Shape may also be thought of as describing the domain of the indexing function.

For example, an object d of rank r:

d:2 3 4#10*!24 d ((0 10 20 30 40 50 60 70 80 90 100 110) (120 130 140 150 160 170 180 190 200 210 220 230))

d can be indexed

d[0;1 2;3] 70 110

If index j is in the i-th position of the indexing expression, then every element of ,//j must be a member of !s i. (Nil is used to mean "every index along this axis".) If j does not satisfy this requirement, the result is an "index error".

d[0;17;1] index error d[0;17;1] ^ >

The number of indexing positions is always equal to the rank of the object: if d has rank r, then 'd[j1;..;jr]' is a valid indexing expression. If too many indices are applied, the result is a "rank error". If too few, the remaining positions are treated as null, i.e. all elements along that axis:

d[0;1 2;3;4] rank error d[0;1 2;3;4] ^ >d[0;1] 40 50 60 70

Indexing is cross-sectional. the result of d[1 2;3 4 5] contains data at positions d[1;3], d[1;4], d[1;5], d[2;3], d[2;4], d[2;5]. The shape of the result of d[1 2;3 4 5] is (^1 2),^3 4 5, i.e. 2 3. If k is a list of the indices of d[k 0;..;k r-1], then the shape of the result is ,/^:'k.

The *valence* of a function f is the rank of its
(possibly infinite) domain D = a X .. X z. Intuitively, it is the
maximum number of arguments to which f may be applied.

Since functions are atoms, and it is always a rank error to index an atom, the brackets of indexing can be reused to denote function application. For example, the function f:{[a;b;c]a+b*c} may be applied to three arguments:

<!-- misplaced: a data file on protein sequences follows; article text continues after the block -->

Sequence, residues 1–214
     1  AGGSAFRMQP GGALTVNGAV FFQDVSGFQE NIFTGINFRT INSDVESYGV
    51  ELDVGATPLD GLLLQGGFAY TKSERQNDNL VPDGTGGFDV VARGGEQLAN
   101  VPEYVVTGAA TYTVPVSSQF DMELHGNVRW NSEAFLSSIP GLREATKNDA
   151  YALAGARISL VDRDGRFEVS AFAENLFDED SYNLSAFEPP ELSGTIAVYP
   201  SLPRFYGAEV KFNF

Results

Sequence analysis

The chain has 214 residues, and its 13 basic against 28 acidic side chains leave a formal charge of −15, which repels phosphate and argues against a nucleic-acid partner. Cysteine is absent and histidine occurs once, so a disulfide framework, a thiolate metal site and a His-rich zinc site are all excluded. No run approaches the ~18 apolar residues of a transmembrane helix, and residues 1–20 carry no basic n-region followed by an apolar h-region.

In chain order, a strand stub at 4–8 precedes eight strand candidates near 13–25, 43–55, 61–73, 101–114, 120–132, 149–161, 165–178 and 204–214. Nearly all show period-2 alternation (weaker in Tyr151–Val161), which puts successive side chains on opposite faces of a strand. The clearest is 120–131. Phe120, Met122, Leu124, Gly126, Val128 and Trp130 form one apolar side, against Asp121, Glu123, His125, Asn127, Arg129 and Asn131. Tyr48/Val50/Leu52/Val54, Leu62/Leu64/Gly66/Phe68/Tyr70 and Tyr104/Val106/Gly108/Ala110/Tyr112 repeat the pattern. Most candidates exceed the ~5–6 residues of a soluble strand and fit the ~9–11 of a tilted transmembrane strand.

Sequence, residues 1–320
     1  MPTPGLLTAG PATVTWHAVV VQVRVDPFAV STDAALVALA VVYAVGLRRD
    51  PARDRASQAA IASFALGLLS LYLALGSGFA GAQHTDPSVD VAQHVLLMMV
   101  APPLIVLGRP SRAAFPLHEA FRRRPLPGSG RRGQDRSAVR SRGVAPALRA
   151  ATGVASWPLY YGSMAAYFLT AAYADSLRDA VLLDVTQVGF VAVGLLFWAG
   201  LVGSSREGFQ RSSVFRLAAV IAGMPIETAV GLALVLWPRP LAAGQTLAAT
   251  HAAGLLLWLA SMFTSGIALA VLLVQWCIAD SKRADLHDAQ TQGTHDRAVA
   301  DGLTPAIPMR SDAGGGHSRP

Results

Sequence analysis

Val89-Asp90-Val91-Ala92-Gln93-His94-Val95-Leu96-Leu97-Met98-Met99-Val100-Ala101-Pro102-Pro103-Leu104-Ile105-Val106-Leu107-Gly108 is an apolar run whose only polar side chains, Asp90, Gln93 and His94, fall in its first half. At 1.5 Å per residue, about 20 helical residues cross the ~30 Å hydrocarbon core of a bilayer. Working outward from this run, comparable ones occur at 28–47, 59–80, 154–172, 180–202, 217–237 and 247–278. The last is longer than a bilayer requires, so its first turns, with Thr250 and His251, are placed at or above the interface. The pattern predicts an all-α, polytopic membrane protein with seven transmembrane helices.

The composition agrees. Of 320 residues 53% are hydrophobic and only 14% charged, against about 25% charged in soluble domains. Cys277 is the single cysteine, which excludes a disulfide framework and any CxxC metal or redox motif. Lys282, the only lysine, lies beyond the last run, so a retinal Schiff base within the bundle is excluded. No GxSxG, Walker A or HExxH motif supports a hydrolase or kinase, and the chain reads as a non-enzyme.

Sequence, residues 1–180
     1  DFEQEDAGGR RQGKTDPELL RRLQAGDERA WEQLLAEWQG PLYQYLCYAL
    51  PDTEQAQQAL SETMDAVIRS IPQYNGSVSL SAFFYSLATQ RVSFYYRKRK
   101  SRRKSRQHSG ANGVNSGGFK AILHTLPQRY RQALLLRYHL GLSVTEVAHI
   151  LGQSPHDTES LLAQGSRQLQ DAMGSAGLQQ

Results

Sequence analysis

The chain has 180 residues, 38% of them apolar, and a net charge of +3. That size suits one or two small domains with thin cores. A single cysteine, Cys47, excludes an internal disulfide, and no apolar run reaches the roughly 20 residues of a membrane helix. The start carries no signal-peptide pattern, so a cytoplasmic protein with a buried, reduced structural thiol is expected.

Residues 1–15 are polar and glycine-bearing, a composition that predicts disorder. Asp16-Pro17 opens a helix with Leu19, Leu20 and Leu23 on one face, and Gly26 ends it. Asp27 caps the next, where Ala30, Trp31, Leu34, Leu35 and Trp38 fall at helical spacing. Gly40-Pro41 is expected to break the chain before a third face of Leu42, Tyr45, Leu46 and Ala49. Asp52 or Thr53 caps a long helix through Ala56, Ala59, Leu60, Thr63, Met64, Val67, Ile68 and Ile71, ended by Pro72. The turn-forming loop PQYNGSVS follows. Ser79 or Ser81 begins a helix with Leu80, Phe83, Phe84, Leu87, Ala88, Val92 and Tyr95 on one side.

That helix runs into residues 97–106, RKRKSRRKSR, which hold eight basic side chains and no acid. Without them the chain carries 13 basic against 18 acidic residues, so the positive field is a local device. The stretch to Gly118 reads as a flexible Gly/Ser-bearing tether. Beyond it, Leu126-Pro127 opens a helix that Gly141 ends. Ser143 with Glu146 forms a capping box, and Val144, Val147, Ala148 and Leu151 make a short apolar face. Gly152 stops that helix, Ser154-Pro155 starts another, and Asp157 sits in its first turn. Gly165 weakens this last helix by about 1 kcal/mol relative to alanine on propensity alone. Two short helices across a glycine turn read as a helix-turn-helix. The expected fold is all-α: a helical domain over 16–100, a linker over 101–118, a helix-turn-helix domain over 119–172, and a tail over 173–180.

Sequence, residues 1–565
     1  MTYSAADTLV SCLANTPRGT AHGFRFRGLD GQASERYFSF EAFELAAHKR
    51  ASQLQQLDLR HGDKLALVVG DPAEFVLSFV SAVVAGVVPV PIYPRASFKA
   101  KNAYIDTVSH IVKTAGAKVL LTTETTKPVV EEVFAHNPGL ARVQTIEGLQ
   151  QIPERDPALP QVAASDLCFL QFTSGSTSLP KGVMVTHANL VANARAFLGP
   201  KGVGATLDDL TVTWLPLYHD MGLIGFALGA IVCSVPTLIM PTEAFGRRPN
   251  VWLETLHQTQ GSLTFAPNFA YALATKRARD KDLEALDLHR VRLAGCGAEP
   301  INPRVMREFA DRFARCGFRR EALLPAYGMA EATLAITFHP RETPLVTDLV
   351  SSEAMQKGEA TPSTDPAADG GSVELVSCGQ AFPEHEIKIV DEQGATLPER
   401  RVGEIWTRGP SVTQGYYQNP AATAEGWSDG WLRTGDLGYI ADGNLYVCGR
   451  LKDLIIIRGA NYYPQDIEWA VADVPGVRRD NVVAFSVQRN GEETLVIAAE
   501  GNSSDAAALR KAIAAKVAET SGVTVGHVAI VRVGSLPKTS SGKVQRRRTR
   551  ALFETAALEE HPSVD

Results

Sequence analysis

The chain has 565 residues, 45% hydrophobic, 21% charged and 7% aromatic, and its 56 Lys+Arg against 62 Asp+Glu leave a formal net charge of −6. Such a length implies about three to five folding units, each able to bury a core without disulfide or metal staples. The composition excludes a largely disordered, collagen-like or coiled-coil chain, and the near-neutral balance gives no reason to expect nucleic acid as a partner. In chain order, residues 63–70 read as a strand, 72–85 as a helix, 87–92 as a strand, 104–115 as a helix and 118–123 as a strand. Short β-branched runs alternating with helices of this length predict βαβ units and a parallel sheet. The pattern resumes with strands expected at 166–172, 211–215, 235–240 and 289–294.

f[10;20;30] 610

Application of a function of valence k to more than k arguments results in a "valence error"

f[10;20;30;40] valence error f[10;20;30;40] ^ >

The result of applying a function f of valence k to n<k
arguments is a *function-projection* of valence k-n, where
the corresponding argument positions of the function are set to
constant values, viz. those supplied as arguments to the
projection.

g:f[10;;30] g {[a;b;c]a+b*c}[10;;30] g[20] 610h:f[10] h {[a;b;c]a+b*c}[10] h[20;30] 610

The valence of a function is analogous to the rank of an array, but whereas rank is computable as the count of the shape, which in turn is computed by a primitive, valence is neither derived from some more primitive property of functions, nor directly computable by a primitive.

For example, we cannot compute the valence of an arbitrary primitive p, save by looking up p in a table of valences-by-primitive (or analyzing it's name: 5:p). If f is a defined function, then we may be able to compute the valence by analyzing f's argument-list if it has one, or if it doesn't then by counting unassigned occurrences of the variables 'x', 'y', and 'z'.

Where v is the valence of primitive p I'll define the *order*
of p to be the vector 1_-!1+v. Hence the order of + is -1 -2, and
that of +: ,-1.